Fabrication of silicon-based nano-structures and their scaling effects on mechanical and electrical properties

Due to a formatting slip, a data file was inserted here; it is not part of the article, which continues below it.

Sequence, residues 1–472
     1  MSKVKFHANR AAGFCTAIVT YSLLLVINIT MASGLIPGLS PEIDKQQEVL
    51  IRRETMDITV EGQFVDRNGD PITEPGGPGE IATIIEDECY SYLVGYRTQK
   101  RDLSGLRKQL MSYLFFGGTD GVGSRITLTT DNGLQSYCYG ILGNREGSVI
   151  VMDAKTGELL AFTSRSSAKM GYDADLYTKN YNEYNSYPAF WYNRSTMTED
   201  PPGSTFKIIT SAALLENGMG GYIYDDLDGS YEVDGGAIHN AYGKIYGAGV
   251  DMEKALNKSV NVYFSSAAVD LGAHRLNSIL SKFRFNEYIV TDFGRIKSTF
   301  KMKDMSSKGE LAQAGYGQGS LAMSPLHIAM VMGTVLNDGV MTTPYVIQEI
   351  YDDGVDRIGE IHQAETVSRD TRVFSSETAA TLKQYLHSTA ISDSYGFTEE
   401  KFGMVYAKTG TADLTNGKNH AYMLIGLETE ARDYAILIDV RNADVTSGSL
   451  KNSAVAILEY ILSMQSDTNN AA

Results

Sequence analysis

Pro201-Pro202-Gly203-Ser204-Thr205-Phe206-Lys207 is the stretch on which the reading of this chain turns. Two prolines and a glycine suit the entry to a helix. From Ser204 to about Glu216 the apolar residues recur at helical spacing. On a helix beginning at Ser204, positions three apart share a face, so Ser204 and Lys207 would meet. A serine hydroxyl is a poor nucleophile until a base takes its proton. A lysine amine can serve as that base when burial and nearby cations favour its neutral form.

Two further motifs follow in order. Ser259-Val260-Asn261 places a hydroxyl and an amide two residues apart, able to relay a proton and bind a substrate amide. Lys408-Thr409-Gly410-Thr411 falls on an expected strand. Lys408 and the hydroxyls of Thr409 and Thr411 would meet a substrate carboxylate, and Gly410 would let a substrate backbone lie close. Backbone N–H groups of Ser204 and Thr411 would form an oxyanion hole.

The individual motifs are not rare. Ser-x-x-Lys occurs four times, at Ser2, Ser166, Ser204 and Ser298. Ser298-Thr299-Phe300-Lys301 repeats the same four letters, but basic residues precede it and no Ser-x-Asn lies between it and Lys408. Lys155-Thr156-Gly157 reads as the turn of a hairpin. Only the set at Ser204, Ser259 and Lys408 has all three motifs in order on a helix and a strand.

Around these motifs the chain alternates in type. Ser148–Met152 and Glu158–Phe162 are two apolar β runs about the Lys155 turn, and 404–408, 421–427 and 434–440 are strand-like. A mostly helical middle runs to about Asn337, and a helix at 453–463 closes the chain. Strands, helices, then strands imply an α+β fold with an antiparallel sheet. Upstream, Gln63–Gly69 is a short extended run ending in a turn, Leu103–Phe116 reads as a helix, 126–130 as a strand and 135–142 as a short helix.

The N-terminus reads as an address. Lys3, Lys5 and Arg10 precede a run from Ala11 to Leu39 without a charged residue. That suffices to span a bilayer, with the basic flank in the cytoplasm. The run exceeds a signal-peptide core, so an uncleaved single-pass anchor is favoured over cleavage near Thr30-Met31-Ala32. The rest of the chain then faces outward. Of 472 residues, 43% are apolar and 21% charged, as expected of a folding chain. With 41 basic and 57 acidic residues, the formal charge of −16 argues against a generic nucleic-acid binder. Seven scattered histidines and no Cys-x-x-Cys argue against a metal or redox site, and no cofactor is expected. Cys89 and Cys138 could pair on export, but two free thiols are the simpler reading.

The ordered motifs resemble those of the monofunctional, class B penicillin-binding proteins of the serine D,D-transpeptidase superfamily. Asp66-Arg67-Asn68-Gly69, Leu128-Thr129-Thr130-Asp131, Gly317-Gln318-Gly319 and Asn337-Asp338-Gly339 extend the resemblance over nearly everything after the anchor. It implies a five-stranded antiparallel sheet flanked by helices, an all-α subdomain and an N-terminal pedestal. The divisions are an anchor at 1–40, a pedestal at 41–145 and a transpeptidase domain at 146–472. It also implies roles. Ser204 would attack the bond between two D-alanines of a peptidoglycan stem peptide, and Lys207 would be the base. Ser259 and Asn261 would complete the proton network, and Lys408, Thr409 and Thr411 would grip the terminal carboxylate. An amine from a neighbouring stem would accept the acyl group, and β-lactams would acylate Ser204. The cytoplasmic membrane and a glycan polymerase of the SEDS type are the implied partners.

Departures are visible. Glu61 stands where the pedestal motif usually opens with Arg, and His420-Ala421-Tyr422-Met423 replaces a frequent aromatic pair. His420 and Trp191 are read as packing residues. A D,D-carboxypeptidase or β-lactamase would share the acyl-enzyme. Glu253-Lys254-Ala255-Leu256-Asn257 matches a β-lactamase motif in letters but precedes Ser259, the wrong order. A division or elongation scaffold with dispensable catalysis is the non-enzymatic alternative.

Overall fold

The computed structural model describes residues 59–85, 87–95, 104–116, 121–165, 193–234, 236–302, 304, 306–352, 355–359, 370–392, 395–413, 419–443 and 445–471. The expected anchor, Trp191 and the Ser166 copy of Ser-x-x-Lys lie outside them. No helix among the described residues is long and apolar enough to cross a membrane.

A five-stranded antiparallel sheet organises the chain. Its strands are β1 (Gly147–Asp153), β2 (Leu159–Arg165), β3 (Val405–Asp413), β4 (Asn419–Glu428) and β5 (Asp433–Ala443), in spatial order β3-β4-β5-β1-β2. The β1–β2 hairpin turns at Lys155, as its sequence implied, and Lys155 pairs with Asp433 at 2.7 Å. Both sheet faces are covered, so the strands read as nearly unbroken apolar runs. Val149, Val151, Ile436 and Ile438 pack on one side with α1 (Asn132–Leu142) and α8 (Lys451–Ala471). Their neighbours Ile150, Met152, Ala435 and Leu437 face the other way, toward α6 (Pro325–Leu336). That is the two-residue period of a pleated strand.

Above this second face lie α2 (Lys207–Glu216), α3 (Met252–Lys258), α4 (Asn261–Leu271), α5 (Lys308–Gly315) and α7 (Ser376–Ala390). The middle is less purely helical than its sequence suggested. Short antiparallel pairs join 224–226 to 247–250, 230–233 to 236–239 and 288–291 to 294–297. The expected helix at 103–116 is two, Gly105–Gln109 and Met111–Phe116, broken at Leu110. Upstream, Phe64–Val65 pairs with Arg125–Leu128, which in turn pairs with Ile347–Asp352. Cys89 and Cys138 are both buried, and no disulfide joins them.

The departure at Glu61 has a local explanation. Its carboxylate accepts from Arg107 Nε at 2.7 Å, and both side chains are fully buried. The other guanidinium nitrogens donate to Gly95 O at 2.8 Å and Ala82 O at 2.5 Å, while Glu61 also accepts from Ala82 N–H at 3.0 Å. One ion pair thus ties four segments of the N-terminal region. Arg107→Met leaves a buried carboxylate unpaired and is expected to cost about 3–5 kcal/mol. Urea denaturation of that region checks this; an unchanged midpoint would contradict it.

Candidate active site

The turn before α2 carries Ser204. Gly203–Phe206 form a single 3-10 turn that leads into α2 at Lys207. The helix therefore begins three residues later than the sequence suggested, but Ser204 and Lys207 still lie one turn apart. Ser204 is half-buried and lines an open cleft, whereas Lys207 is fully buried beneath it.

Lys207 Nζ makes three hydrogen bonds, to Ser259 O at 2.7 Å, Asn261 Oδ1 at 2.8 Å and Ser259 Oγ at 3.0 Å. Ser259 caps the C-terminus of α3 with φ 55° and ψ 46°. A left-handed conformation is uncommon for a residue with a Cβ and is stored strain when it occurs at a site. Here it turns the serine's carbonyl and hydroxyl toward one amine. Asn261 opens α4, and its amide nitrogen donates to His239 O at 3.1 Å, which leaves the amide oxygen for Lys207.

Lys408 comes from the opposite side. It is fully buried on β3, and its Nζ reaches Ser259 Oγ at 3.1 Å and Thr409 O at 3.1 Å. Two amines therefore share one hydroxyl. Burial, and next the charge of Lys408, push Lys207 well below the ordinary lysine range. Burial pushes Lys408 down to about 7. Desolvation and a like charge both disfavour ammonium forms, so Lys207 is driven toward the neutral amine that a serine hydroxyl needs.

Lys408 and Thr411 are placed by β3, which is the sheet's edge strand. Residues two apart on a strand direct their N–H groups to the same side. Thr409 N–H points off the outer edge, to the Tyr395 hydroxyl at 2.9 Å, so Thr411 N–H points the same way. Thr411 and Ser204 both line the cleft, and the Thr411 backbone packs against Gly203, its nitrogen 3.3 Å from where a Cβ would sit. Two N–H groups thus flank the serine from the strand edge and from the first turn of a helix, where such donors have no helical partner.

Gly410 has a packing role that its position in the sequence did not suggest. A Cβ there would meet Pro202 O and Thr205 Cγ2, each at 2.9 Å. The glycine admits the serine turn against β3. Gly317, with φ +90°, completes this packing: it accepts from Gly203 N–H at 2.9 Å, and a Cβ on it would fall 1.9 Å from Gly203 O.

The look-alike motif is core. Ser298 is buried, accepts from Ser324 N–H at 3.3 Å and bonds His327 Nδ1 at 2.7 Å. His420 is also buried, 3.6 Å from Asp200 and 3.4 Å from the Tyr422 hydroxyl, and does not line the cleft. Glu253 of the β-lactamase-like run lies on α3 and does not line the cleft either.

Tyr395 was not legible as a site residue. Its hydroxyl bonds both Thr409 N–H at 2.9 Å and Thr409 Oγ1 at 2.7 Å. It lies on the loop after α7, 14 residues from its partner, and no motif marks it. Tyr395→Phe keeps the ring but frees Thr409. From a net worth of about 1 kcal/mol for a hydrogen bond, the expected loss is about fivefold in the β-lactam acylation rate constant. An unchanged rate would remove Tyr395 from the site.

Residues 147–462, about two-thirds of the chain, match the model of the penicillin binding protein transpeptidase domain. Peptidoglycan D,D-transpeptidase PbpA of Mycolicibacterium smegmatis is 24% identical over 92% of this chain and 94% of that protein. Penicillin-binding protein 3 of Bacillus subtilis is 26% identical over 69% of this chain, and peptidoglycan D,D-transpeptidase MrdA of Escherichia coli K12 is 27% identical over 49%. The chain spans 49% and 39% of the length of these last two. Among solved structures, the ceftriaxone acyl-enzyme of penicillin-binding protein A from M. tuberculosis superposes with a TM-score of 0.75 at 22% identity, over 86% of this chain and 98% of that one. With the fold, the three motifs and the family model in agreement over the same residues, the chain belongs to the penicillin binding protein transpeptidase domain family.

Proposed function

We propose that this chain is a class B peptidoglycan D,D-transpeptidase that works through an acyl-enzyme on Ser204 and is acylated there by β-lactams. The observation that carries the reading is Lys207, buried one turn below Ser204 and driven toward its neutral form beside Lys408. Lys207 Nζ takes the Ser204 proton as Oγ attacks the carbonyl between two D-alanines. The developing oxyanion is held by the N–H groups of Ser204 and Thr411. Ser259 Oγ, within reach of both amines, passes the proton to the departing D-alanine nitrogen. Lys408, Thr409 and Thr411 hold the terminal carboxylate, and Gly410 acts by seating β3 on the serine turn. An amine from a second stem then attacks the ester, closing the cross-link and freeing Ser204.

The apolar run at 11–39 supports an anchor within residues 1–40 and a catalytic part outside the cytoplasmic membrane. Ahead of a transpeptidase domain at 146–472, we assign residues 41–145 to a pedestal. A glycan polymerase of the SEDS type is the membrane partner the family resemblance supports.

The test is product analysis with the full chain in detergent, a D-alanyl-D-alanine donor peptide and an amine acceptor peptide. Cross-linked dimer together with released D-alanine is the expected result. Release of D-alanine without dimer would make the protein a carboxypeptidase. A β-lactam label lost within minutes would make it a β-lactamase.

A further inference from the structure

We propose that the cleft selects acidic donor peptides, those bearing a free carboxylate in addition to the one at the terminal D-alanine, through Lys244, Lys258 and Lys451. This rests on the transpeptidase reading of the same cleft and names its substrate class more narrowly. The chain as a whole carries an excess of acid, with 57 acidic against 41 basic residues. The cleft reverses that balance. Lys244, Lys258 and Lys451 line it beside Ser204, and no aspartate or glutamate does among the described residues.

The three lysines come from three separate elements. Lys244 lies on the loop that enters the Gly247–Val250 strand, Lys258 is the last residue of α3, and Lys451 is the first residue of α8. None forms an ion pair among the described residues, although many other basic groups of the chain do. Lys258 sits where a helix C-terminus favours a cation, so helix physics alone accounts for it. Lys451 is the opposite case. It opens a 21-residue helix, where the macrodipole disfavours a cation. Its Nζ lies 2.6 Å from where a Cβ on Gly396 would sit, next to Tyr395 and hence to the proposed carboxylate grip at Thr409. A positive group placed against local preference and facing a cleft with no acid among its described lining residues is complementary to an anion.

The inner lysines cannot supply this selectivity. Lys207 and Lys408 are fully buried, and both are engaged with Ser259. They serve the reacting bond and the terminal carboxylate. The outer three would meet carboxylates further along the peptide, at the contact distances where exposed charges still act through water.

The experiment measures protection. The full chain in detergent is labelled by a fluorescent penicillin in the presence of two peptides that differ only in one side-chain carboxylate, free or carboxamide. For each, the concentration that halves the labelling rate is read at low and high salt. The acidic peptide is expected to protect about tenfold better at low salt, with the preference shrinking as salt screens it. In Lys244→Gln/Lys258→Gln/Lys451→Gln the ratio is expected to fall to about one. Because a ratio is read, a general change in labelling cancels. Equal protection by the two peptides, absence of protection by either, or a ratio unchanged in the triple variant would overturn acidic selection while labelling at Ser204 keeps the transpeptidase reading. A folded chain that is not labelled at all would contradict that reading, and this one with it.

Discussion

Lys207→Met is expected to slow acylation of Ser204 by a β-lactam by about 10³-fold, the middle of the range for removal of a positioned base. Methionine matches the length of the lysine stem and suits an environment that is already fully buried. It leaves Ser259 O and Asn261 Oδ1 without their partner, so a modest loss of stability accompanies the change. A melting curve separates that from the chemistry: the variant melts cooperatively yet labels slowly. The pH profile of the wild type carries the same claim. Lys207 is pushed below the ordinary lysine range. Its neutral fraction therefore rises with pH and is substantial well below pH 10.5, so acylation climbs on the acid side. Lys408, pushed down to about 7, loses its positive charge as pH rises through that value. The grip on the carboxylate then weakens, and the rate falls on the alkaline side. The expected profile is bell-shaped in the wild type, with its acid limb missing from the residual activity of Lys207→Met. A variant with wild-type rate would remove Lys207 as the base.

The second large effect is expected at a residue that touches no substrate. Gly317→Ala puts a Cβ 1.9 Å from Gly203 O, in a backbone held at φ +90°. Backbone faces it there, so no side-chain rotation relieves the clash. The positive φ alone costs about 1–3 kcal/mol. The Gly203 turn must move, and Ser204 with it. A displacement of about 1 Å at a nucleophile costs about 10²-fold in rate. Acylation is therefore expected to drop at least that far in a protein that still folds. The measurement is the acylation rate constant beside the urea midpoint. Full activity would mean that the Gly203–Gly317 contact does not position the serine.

Silicon-based nanostructures are essential building blocks for nanoelectronic devices and nano-electromechanical systems (NEMS), and their mechanical and electrical properties play an important role in controlling the functionality and reliability of the nano-devices. The objective of this dissertation is twofold: The first is to investigate the mechanical properties of silicon nanolines (SiNLs) with feature size scaled into the tens of nanometer level. And the second is to study the electron transport in nickel silicide formed on the SiNLs. For the first study, a fabrication process was developed to form nanoscale Si lines using an anisotropic wet etching technique. The SiNLs possessed straight and nearly atomically flat sidewalls, almost perfectly rectangular cross sections and highly uniform linewidth at the nanometer scale. To characterize mechanical properties, an atomic force microscope (AFM) based nanoindentation system was employed to investigate three sets of silicon nanolines. The SiNLs had the linewidth ranging from 24 nm to 90 nm, and the aspect ratio (Height/linewidth) from 7 to 18. During indentation, a buckling instability was observed at a critical load, followed by a displacement burst without a load increase, then a fully recoverable deformation upon unloading. For experiments with larger indentation displacements, irrecoverable indentation displacements were observed due to fracture of Si nanolines, with the strain to failure estimated to be from 3.8% to 9.7%. These observations indicated that the buckling behavior of SiNLs depended on the combined effects of load, line geometry, and the friction at contact. This study demonstrated a valuable approach to fabrication of well-defined Si nanoline structures and the application of the nanoindentation method for investigation of their mechanical properties at the nanoscale. For the study of electron transport, a set of nickel monosilicde (NiSi) nanolines with feature size down to 15 nm was fabricated. The linewidth effect on nickel silicide formation has been studied using high-resolution transmission electron microscopy (HRTEM) for microstructural analysis. Four point probe electrical measurements showed that the residual resistivity of the NiSi lines at cryogenic temperature increased with decreasing line width, indicating effect of increased electron sidewall scattering with decreased line width. A mean free path for electron transport at room temperature of 5 nm was deduced, which suggests that nickel silicide can be used without degradation of device performance in nanoscale electronics.